Baltimore Is the First Big Test for Attorney General Lynch

04/29/2015 05:10 pm ET | Updated Jun 29, 2015

In the days immediately before Loretta Lynch's confirmation as Attorney General, one of her advisors noted that she felt that law enforcement is good for minority communities. He went further and said that she feels strongly that police and minority communities have much more in common than differences. This is probably an accurate read on Lynch's feeling about police-minority community relations. Now her feeling and belief is going to be sorely tested with the recent Baltimore turmoil.

It began the instant that an unarmed, unresisting Freddie Gray died after a fatal spinal cord injury sustained during his arrest by Baltimore police. This touched off days of protests, some violence and frantic efforts by Baltimore's hard-pressed black police commission and mayor to get a handle on the turmoil. It didn't take long for Civil Rights leaders to make the now inevitable call for a full Justice Department probe into Gray's death. It agreed. This shoved the ball into Lynch's court. The likelihood is that it won't leave there particularly if Baltimore city officials decline to bring charges against any of the officer's involved in Gray's death.

But even if they do, it still won't address the bigger question that Lynch almost certainly will have to deal with -- if not in Baltimore, sooner than later, somewhere else. That's the overuse of excessive force and what the feds should do about it.

Former Attorney General Eric Holder took much heat on this from conservatives who screamed that he should keep hands off all police abuse issues. This was a matter solely for local authorities. Holder also took much heat from some Civil Rights activists who screamed that the Justice Department should step in hard with probes and indictments in police abuse cases. Both sides were even more troubled when Holder's Justice Department issued a scathing report on the blatant corruption and serial misconduct of the Ferguson police department in the aftermath of the slaying by former Ferguson officer Darren Wilson of Michael Brown. But the department let Wilson off the hook by finding there was no grounds to indict him on civil rights charges. The issue of just how far the Justice Department could and should go in these cases was left dangling when Holder left.

So what will Lynch do in Baltimore and beyond? She'll have to look at the Baltimore case and decide that if the locals take no action against the officers in the Gray case whether there's any "compelling federal interest" in a prosecution of them, namely that the government believes that the officer's conduct constitutes a federal offense, and that there is enough evidence that the government can obtain a conviction.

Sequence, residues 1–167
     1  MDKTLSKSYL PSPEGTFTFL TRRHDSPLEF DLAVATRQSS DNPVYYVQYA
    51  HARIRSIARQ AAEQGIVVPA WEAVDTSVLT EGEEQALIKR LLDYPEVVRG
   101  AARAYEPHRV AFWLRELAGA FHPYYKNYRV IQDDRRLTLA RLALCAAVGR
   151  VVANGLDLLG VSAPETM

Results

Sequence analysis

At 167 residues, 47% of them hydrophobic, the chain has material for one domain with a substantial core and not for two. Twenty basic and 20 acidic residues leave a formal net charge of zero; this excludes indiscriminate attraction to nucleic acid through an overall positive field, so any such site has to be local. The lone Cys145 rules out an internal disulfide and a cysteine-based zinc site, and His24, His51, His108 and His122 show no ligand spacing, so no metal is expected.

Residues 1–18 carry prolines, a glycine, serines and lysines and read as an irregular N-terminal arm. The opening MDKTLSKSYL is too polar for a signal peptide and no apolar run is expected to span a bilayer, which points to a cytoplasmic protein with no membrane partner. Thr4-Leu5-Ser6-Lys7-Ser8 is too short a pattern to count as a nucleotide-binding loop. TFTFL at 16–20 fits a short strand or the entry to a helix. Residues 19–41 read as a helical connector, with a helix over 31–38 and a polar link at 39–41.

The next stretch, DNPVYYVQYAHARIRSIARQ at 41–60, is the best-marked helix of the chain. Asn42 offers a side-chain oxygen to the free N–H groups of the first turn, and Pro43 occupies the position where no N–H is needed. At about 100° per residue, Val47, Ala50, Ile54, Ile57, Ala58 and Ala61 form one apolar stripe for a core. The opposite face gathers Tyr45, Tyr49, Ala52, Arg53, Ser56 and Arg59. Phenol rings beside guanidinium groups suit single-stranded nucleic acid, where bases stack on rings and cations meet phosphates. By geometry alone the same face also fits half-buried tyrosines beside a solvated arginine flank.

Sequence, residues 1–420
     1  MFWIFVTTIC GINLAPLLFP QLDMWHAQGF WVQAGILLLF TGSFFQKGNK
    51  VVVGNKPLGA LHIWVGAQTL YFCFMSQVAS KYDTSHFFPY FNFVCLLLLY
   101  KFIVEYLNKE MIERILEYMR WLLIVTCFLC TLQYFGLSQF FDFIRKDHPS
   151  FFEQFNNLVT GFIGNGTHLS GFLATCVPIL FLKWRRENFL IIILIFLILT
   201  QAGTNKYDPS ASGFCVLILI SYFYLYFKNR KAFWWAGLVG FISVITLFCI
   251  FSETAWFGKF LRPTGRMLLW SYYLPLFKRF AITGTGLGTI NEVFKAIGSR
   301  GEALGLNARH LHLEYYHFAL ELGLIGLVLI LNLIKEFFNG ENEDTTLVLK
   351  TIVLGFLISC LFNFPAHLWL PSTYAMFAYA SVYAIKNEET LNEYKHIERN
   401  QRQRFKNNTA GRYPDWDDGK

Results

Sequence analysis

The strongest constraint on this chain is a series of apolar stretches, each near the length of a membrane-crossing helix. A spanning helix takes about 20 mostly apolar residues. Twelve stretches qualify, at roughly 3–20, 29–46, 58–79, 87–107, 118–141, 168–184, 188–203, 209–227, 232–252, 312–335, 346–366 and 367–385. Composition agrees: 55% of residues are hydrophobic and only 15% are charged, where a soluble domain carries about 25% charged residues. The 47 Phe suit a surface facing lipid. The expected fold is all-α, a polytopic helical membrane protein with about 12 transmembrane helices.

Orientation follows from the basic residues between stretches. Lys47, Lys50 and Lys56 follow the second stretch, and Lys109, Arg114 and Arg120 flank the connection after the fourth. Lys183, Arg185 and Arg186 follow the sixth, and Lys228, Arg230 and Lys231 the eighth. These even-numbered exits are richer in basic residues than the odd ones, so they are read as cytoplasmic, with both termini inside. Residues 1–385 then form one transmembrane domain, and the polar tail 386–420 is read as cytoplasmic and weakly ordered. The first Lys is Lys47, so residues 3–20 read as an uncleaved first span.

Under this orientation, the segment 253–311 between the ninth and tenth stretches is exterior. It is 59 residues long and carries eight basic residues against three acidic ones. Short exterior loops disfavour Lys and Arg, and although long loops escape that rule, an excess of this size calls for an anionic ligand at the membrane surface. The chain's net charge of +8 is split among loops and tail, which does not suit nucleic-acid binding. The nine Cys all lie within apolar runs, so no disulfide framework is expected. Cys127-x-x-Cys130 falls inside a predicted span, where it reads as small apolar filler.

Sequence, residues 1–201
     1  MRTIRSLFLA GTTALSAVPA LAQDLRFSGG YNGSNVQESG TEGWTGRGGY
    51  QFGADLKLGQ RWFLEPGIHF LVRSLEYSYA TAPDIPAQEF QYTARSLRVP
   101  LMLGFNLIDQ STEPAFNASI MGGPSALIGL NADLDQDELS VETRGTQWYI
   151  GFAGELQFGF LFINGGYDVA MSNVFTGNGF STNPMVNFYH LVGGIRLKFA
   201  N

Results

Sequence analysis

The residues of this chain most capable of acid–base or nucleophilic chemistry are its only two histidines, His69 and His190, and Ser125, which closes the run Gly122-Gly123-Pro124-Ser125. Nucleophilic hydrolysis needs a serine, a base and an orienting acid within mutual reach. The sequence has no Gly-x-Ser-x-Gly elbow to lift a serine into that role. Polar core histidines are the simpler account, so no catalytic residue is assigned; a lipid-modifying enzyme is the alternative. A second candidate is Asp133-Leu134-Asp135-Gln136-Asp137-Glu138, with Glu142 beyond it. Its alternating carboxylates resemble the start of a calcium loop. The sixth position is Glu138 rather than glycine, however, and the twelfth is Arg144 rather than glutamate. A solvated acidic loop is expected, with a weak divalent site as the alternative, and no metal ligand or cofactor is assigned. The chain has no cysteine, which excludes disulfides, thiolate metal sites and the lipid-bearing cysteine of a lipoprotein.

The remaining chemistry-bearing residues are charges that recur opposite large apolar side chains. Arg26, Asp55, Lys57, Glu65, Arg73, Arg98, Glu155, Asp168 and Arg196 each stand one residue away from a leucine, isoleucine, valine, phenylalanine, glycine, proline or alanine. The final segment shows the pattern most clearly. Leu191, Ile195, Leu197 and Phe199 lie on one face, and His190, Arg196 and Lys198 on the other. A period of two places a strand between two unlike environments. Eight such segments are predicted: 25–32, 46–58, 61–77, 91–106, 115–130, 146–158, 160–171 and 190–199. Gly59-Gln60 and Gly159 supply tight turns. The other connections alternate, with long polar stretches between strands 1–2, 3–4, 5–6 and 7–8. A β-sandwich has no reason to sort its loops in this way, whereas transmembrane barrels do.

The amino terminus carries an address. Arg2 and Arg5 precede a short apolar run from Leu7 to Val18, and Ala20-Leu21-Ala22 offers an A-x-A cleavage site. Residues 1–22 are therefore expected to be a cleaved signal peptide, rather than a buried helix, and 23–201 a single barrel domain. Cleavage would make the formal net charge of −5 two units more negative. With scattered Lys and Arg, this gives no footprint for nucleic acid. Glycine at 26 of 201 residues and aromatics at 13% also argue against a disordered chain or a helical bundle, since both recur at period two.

There's the strong suspicion that Gray's death was caused by his physical manhandling by police during the arrest. And while there was no apparent racial motive in their confronting and arresting Gray, that is not a hard and fast requirement for a Civil Right prosecution. The issue is whether a civilian or a suspect's rights were violated. The safeguard of that right must be a fundamental concern of federal prosecutors.

The Gray case, as in other cases involving police use of deadly force against mostly unarmed blacks, again raises the deeply troubling question about the power of the law to protect citizen from his or her unimpeded right to life and safety. Federal prosecutors play a major role in insuring that where there's the suspicion that an individual's rights might have been violated because of their race and gender that the power of federal law is brought to bear to insure that right is protected.

This was the rationale that federal prosecutors used in the Rodney King beating case to bring civil rights charge against the four LAPD officers that beat King. The linchpin was that they acted in an official capacity when they violated King's rights.

The Justice Department scrupulously tries to avoid the prosecution of a police officer. It goes to great lengths to shield itself from the charge that it's bowing to media or public pressure to prosecute. This is why the percentage of Civil Rights prosecutions it authorizes is infinitesimally low. Yet in Gray's death there may well be crucial federal interests in insuring the rights of individuals to be free from undue harm because of their color, or being in a public area merely because someone perceives they shouldn't be in and then acts on that perception with no cause other than that belief or perception.

The other option is for Lynch to follow Holder's lead and aggressively institute a pattern and practice action against Baltimore. That means aggressively monitoring the policies and practices of the department in relation to policing in minority communities. Holder also took heat for this from the right. But it had to be done. Baltimore has given Lynch her first chance to weigh in handily on the nation's most intractable and deadly issue. That's the wanton police slaying of unarmed blacks.

Baltimore then is her first big test.

Earl Ofari Hutchinson is an author and political analyst. He is a weekly co-host of the Al Sharpton Show on American Urban Radio Network. He is the author of How Obama Governed: The Year of Crisis and Challenge. He is an associate editor of New America Media. He is host of the weekly Hutchinson Report Newsmaker Hour heard weekly on the nationally network broadcast Hutchinson Newsmaker Network.